MA governor would veto senate immigration measure

Marcony Almeida

Republican Massachusetts Gov. Charlie Baker would veto a Senate budget provision limiting state law enforcement’s role in enforcement of federal immigration laws, he said Thursday (24).

The measure – a pared-down version of the so-called Safe Communities legislation – passed the Senate 25-13 and was added to the Senate’s fiscal 2019 budget bill late Wednesday night.

 

“I don’t support it and I would veto it if it ends up coming to my desk,” Baker said after a Memorial Day event on Boston Common. “I’ve said many times that I think decisions like this belong with local law enforcement.” The provision would bar state and local police from inquiring into someone’s immigration status and prevent collaborations known as 287G agreements where state and county officials are essentially deputized by the federal Immigration and Customs Enforcement (ICE).

 

Department of Correction officials would be able to continue those agreements under the provision. The legislation would require state and local officials to share immigration documents with individuals within their custody and inform them that they do not need to talk to federal immigration officials.

 

In his remarks Thursday, Baker spoke out against legislation prohibiting communication between ICE and local officials. “I do not believe the state should be stepping into this. And I especially don’t believe that we should pass legislation that makes it impossible for the state of Massachusetts – with criminals who are currently in our prisons and have been convicted of terrible crimes and may be here illegally – that we should not be allowed to talk to the feds. I think that’s ridiculous and outrageous and I don’t support it,” Baker said.

 

An Acton Democrat, Sen. Jamie Eldridge, the sponsor of the amendment, said prohibiting communication between ICE and local officials is not part of the provision adopted in the Senate on Wednesday. Eldridge suggested that the governor has not actually read the amendment and said he is “troubled” by the Republican governor’s rhetoric about unauthorized immigrants.

 

“His language has been very much in line with Donald Trump’s rhetoric regarding undocumented immigrants,” Eldridge told the News Service, saying, “I hope he reads the amendment.” The amendment (#1147) states, “Nothing in this section shall prohibit or restrain the commonwealth, any political subdivision thereof, or any employee or agent of the commonwealth or any of its political subdivisions, from sending to, or receiving from, any local, state, or federal agency, information regarding citizenship or immigration status, consistent with Section 1373 of Title 8 of the United States Code.”

 

“Governor Baker opposes a sanctuary state and this amendment does not address the issue of creating clear guidelines for state and local law enforcement to work with federal immigration officials to detain violent and dangerous criminals convicted of heinous crimes like rape and murder, as the governor’s legislation would,” communications director Elizabeth Guyton said. Last summer, Baker filed legislation (H 3870) that would allow state officials to honor detainer requests from ICE.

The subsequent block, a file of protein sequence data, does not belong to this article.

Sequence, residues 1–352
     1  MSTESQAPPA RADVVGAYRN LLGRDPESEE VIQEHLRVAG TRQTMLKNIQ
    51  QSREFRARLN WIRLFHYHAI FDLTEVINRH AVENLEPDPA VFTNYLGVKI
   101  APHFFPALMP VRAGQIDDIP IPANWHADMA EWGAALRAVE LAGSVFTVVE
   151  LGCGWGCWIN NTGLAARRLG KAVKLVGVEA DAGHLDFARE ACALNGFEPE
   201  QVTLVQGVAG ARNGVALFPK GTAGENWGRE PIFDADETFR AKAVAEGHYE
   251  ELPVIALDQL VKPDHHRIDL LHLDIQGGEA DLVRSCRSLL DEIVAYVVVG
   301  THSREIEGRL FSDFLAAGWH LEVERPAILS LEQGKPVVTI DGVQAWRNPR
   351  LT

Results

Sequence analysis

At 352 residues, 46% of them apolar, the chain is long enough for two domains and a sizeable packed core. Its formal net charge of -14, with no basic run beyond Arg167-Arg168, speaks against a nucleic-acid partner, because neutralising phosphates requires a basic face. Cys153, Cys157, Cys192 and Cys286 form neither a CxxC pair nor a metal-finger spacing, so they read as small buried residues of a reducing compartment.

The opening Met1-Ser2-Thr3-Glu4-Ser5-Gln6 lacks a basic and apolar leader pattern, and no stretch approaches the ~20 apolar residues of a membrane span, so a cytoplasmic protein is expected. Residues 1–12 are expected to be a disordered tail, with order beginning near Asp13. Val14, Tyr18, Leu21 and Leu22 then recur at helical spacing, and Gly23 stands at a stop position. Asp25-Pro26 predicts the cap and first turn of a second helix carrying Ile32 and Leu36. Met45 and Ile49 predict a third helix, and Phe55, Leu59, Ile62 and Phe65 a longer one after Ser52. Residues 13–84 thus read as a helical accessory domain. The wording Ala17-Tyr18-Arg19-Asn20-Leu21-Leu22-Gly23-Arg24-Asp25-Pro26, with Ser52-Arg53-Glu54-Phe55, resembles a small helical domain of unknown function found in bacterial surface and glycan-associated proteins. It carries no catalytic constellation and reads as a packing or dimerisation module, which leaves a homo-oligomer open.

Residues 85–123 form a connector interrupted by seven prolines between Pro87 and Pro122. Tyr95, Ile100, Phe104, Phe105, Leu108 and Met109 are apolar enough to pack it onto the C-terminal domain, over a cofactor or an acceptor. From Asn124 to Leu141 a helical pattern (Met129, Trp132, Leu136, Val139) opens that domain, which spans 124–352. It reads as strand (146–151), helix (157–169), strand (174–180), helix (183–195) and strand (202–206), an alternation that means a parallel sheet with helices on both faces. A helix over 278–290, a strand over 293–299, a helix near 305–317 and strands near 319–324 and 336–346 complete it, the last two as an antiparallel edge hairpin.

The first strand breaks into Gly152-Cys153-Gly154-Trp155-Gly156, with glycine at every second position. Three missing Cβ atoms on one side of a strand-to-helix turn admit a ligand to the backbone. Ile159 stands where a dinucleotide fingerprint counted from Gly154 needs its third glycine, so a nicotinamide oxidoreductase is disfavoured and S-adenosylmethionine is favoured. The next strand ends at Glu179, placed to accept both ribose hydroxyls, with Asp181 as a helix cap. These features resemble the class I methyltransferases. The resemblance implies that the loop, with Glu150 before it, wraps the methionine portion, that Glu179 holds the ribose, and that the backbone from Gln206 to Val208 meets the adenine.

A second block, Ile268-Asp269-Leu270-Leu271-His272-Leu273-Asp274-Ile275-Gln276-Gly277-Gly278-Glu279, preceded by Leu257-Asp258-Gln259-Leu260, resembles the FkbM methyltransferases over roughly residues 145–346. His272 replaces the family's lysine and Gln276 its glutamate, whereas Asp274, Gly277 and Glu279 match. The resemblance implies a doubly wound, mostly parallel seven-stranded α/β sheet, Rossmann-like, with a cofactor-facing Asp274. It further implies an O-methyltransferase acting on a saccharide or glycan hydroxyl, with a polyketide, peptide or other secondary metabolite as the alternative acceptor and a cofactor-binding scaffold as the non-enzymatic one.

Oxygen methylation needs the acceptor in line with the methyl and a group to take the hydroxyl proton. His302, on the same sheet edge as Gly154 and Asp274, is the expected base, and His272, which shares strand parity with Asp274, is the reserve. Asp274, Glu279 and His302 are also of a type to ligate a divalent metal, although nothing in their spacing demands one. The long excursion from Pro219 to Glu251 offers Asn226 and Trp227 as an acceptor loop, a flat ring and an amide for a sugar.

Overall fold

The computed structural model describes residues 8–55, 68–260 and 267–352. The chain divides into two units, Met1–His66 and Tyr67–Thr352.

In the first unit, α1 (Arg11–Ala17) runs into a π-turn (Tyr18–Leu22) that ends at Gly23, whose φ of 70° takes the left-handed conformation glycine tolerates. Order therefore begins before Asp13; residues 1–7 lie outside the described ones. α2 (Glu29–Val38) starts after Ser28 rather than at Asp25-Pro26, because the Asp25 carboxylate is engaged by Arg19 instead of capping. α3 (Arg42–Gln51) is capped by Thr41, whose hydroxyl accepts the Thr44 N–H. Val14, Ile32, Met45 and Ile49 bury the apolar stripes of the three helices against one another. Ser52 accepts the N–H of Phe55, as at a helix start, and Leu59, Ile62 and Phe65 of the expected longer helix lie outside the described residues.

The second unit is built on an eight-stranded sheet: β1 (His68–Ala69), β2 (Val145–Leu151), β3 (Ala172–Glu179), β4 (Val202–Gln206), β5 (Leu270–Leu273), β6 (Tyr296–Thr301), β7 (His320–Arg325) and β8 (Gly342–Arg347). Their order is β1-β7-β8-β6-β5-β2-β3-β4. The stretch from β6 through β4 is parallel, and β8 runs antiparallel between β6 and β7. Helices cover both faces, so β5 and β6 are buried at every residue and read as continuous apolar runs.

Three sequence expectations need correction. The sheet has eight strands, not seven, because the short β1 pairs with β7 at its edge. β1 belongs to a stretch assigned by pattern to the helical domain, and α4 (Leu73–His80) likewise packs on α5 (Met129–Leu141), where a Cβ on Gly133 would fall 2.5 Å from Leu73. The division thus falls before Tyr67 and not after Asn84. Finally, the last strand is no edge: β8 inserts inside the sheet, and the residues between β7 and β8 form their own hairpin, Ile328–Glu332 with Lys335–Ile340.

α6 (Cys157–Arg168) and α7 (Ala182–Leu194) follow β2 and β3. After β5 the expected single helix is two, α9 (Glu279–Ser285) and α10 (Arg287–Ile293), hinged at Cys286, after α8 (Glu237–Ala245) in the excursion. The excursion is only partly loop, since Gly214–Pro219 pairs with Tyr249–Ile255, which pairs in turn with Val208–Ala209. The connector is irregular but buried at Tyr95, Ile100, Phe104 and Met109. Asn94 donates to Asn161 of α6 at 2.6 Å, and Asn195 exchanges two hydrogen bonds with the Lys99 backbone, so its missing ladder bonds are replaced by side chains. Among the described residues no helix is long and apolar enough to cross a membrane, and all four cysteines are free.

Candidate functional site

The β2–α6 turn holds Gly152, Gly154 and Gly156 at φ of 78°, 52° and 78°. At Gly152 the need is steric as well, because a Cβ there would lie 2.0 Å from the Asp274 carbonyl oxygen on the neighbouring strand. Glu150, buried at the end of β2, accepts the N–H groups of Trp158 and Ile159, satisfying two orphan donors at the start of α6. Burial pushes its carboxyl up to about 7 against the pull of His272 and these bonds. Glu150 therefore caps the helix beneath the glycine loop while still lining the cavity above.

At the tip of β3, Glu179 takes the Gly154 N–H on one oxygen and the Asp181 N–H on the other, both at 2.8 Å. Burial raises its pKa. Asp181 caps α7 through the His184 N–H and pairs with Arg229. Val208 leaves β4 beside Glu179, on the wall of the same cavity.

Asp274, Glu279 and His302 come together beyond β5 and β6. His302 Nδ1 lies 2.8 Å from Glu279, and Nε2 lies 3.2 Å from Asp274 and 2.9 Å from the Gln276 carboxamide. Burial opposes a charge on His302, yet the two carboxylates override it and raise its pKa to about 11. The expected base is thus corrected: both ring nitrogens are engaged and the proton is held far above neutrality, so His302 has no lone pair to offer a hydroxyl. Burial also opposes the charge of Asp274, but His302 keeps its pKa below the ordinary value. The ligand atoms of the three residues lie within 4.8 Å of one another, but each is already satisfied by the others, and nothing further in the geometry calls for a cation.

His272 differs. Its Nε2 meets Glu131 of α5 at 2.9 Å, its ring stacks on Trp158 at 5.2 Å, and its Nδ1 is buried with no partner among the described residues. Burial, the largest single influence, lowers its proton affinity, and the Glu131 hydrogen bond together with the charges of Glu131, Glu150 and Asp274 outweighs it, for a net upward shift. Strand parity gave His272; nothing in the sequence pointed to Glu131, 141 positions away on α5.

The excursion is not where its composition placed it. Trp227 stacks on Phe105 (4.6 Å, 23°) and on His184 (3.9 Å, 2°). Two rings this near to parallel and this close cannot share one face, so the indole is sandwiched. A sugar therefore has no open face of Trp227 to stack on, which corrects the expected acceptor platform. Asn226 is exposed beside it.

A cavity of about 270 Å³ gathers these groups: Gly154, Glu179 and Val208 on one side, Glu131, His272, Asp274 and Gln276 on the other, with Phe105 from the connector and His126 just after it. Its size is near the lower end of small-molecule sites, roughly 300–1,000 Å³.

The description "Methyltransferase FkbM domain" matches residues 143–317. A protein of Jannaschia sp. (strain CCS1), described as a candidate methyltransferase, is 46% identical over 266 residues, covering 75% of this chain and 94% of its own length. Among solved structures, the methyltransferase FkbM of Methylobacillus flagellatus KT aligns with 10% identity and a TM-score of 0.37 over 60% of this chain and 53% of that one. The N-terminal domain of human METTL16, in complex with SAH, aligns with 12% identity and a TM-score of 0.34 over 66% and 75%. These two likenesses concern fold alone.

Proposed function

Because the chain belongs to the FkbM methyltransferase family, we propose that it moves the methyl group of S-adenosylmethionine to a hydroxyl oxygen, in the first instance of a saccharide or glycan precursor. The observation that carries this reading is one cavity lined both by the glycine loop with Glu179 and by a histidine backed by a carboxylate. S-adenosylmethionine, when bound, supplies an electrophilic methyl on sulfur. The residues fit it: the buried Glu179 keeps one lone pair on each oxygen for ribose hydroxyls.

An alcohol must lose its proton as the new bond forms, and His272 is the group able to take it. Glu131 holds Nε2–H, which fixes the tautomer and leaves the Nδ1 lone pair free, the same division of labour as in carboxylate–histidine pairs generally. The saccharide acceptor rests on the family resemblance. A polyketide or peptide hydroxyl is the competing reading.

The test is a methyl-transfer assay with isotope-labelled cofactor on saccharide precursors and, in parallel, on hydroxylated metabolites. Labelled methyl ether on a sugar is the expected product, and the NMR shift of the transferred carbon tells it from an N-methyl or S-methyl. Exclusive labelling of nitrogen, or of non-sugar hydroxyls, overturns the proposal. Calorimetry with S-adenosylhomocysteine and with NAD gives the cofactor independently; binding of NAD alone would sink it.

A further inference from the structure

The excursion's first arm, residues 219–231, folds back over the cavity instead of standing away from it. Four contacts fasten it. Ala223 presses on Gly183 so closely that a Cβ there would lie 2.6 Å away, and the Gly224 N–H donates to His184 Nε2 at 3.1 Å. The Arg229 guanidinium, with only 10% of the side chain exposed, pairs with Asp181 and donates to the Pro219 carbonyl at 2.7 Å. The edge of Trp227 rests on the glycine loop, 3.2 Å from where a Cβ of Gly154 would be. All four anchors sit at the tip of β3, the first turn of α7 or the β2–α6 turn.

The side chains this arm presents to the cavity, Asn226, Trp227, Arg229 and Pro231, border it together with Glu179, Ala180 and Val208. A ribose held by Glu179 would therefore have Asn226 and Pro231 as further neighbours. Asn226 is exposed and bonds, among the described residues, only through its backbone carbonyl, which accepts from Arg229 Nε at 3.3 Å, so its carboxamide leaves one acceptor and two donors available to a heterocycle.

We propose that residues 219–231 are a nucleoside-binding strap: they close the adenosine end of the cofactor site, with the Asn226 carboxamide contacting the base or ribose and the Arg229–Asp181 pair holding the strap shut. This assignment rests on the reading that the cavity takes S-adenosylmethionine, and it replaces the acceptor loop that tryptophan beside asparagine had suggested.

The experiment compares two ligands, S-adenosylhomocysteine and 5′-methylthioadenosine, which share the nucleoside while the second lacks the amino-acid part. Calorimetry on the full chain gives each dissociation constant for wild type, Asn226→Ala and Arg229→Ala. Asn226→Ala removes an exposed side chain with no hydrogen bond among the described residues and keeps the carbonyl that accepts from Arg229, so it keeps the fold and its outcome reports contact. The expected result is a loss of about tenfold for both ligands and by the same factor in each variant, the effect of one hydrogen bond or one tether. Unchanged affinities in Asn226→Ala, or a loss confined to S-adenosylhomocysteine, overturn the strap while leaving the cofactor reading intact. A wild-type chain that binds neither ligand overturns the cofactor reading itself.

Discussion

Senators debated the issue Wednesday night, and Senate Minority Leader Bruce Tarr predicted Eldridge’s proposal “won’t be considered by the House, would be rejected by the governor and is not viable in this building.”

 

House Speaker Robert DeLeo has previously said the House lacks consensus on how to address the interplay between immigration officials and state and local law enforcement, and on Thursday he indicated that dynamic remains the same.

 

“Not a whole lot has changed in terms of the general feelings of the members,” DeLeo told reporters on Thursday after the Memorial Day event. He said, “Sure, things can change but as of right now that is not one of the issues I have been hearing from members about.”

 

The Supreme Judicial Court changed how state law enforcement interacts with federal immigration agents when the court ruled last July that state officials cannot detain someone solely at the request of ICE.

 

“The prudent course is not for this court to create, and attempt to define, some new authority for court officers to arrest that heretofore has been unrecognized and undefined,” the court wrote in its unsigned opinion in Commonwealth v. Sreynuon Lunn. “The better course is for us to defer to the Legislature to establish and carefully define that authority if the Legislature wishes that to be the law of this Commonwealth.”

 

Touting what he called a “strong vote” on the proposal Wednesday, Eldridge said he is optimistic about the proposal gaining traction. “I think it’s really just the beginning,” Eldridge said. He said, “We’ll see what happens in the conference committee.”

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